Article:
Author Visit from Brian Christian

Last Tuesday, my students were thrilled that Brian Christian, author of The Most Human Human: What Talking with Computers Teaches Us About What It Means to Be Alive and 2002 alum, came by for an author visit. Brian is an old friend and I am so grateful that he was willing to give up a day and head back to his old stomping grounds to talk about his book and being an author.

Brian speaking to my seniors

Brian spoke to the freshman for about 40 minutes, and they were rapt with attention.  They later mentioned that he never spoke above conversational volume, yet no one ever had to strain to hear him.  He never raised his voice and no one spoke over him.  I was proud of my kids, but even prouder of Brian.  He was a fantastic speaker and I looked around the room to see my students constantly mouthing, “Wow!” as he shared anecdotes about his time studying for the Turing test.

After speaking about his book, Brian took questions from the students.  They had fantastic questions and both he and I were very impressed.  A nice number of them had picked up the book on their own and read it and they asked some great, intelligent questions.  I think some of them would have loved to talk to Brian all day!  But alas, the bell rang for lunch.  Yet a lot of students stuck around- a few brought their copy of his book up to be autographed and to continue their conversations.  Suddenly, a few of my freshman girls came rushing out the open computer lab clutching printouts of Brian’s author photo.  They shyly thrust it towards him and asked for an autograph.  I couldn’t help but laugh. “I guess that’s not something you get at every reading, huh?” I asked him.  He laughed and signed the photos.  The perils of teenage girl fans, eh?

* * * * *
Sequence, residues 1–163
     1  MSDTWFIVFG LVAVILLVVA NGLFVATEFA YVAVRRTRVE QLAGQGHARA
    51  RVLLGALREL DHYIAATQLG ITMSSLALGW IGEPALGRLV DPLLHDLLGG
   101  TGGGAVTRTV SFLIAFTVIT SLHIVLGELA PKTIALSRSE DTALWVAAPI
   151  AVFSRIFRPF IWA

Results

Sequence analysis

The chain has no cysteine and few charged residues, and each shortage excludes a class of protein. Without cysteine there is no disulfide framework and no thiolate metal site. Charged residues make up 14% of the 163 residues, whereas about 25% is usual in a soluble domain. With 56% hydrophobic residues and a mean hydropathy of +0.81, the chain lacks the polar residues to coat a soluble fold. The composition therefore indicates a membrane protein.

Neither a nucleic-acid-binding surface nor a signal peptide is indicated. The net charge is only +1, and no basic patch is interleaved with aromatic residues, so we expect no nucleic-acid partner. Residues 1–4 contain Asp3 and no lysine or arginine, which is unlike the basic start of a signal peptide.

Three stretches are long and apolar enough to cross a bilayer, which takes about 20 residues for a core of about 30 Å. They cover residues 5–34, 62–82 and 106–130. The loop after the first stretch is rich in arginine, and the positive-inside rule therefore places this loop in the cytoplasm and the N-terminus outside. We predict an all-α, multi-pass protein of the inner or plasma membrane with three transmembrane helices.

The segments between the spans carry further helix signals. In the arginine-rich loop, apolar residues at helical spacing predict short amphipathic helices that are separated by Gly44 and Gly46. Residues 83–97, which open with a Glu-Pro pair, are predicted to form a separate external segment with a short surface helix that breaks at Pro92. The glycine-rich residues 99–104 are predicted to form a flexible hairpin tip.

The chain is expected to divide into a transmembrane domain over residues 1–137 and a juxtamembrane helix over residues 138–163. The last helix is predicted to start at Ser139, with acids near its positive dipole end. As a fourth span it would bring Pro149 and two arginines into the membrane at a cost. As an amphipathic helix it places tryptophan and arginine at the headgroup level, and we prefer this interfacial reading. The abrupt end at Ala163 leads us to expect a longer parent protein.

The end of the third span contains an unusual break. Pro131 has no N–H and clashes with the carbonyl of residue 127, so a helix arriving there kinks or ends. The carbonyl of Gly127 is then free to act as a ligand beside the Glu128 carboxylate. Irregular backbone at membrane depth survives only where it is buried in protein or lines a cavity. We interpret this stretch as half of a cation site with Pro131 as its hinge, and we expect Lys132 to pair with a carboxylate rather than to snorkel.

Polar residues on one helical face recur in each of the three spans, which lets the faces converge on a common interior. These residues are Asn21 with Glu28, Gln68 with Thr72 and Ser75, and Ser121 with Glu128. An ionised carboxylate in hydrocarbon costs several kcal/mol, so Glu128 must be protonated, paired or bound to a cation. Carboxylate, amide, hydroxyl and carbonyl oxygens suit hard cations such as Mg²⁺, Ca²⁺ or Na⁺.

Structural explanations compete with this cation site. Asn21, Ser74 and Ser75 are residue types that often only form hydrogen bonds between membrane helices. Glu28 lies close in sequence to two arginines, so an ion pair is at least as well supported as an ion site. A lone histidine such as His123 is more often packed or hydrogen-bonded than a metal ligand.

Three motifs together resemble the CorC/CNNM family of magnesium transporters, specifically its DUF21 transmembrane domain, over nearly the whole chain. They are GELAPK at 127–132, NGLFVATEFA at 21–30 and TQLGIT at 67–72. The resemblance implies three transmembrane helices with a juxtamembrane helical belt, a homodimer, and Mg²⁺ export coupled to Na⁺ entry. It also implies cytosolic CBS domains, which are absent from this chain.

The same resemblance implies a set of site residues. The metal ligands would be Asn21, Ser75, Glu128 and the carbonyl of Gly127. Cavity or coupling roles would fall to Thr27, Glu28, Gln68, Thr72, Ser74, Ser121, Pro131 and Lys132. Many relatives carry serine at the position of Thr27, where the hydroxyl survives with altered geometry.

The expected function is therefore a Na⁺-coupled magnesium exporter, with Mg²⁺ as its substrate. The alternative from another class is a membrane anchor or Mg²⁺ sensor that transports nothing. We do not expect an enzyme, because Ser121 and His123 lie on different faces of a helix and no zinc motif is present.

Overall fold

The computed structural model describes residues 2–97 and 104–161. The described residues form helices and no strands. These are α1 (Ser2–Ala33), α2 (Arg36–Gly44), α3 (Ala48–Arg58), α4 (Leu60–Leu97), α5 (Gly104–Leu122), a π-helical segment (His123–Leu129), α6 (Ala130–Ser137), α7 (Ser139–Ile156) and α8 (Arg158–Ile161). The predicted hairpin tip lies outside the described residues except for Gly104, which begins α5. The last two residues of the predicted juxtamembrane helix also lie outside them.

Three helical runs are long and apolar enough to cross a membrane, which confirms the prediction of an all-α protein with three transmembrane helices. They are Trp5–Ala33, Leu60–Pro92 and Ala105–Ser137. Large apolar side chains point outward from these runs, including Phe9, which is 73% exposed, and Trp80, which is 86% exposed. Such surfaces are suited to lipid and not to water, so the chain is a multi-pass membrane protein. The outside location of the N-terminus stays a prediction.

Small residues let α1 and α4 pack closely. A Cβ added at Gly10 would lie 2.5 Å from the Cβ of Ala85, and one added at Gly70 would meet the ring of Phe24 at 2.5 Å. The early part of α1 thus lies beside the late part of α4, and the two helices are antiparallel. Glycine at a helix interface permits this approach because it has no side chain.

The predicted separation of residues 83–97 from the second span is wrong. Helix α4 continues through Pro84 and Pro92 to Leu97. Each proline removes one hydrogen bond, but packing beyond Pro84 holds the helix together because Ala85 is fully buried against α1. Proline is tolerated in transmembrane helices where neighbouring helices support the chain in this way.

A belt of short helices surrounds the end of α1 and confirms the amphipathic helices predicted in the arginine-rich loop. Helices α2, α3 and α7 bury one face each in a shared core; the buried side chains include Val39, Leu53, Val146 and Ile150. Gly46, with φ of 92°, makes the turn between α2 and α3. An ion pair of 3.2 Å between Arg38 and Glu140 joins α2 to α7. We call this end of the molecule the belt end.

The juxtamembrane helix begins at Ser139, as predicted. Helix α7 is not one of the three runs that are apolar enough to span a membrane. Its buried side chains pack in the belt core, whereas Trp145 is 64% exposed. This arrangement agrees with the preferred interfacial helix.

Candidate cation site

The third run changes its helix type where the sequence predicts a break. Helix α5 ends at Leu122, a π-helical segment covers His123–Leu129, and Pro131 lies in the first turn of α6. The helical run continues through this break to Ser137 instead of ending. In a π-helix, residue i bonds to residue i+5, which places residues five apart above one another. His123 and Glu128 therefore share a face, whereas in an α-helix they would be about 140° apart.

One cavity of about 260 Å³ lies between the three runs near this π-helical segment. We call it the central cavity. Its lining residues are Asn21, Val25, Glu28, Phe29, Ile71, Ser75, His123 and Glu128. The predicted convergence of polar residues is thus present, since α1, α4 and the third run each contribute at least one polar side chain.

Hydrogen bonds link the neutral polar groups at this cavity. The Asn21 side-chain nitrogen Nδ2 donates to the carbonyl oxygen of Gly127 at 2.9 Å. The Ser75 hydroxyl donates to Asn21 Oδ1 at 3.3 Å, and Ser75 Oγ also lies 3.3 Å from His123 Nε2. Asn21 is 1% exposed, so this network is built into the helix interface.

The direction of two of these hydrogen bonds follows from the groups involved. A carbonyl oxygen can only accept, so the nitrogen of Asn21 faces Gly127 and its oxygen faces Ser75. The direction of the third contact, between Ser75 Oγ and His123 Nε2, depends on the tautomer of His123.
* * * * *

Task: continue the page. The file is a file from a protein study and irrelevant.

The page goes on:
After lunch, Brian kindly stuck around for an informal 25-minute chat with my seniors.  He talked a lot about the importance of following your passion and majoring in what you love and enjoy, trusting that a job will be there when you are done. (He double-majored in computer science and philosophy, following that up with an MFA in poetry!)  I think that is such an important idea for kids to hear and I was so glad he took the time to share his experience.  Again, he took questions from the students.  One student raised his hand, asking if Brian was familiar with Megaman.  Brian laughed, and said of course.  The student then went on to explain that he is seriously interested in sentient robots and asked a great question pertaining to AI.  After the presentation, that same student walked up to Brian and asked to shake his hand. “Thank you so much for taking my question seriously.  This is something I genuinely want to study and most people tend to laugh me off. So I just wanted to express my gratitude to you.”  How awesome is that?